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Perhaps no one now living knows more from personal experience of the ways and habits of the Queensland aborigines than does my father - Tom Petrie. His experiences amongst these fast-dying-out people are unique, and the reminiscences of his early life in this colony should be recorded; therefore I take up my pen with the wish to do the little I can in that way. My father has spent his life in Queensland, being but three months old when leaving his native land. He was born at Edinburgh, and came out here with his parents in the Stirling Castle in 1831. He is now the only surviving son of the late Andrew Petrie, a civil engineer, who, as every one interested knows, had much to do with Queensland's young days.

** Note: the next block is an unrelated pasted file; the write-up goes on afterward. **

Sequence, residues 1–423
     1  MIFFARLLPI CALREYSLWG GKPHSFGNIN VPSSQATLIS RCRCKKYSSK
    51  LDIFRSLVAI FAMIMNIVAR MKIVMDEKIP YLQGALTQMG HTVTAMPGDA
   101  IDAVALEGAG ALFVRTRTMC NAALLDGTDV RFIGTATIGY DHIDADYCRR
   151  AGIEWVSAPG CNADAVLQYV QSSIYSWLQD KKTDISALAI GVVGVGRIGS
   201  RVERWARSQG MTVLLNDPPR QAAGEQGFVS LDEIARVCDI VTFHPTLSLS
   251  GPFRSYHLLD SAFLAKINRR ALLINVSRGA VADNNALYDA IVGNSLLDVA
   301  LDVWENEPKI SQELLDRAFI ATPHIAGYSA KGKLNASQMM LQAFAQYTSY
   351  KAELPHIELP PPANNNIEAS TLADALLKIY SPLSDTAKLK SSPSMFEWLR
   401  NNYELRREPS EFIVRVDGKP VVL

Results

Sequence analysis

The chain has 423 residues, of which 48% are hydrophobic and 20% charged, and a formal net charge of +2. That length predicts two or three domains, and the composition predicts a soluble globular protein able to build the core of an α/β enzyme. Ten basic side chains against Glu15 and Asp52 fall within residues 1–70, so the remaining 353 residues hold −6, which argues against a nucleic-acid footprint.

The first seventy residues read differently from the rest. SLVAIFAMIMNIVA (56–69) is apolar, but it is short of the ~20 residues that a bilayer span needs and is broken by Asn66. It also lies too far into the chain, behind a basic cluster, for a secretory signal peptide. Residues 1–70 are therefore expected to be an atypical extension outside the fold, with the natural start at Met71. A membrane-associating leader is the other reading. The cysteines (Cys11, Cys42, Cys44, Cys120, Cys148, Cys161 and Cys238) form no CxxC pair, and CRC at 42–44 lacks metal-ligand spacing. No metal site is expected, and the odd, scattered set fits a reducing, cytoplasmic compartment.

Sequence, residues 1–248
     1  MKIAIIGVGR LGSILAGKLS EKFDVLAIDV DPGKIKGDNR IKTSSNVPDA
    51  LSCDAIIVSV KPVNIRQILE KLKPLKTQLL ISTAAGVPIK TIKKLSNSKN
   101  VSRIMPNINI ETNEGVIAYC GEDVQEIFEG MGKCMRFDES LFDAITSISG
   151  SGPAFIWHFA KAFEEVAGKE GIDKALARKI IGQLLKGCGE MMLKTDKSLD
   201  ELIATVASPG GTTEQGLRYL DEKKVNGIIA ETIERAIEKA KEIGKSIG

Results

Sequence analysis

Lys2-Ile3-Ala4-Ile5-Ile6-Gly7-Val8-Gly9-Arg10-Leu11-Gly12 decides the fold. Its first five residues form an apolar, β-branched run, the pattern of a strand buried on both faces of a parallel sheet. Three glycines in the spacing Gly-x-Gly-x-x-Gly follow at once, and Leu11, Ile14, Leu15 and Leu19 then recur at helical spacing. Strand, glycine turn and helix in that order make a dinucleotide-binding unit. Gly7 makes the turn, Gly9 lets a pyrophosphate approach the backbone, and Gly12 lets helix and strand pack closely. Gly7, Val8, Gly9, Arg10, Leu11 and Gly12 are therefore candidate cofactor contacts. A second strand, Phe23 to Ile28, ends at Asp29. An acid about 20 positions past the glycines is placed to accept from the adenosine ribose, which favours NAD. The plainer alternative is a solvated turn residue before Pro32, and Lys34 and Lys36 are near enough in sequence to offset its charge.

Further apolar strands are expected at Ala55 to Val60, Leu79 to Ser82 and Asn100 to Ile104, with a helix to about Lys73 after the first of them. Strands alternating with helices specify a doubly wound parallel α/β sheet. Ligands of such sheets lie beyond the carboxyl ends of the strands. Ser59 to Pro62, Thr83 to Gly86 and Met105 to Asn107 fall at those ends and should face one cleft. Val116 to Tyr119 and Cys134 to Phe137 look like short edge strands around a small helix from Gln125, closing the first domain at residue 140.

Tom Petrie (Thomas) - 39 Years Old
The Petrie family landed first in New South Wales, but in 1837 (about twelve years after foundation Brisbane) came on to Queensland in the James Watt, "the first steamer which ever entered what are now Queensland waters." The late John Petrie, the eldest son, was a boy at the time, and "Tom", of course, but a child. Their father, the founder of the family, was attached to the Royal Engineers in Sydney,...[continue Page 2]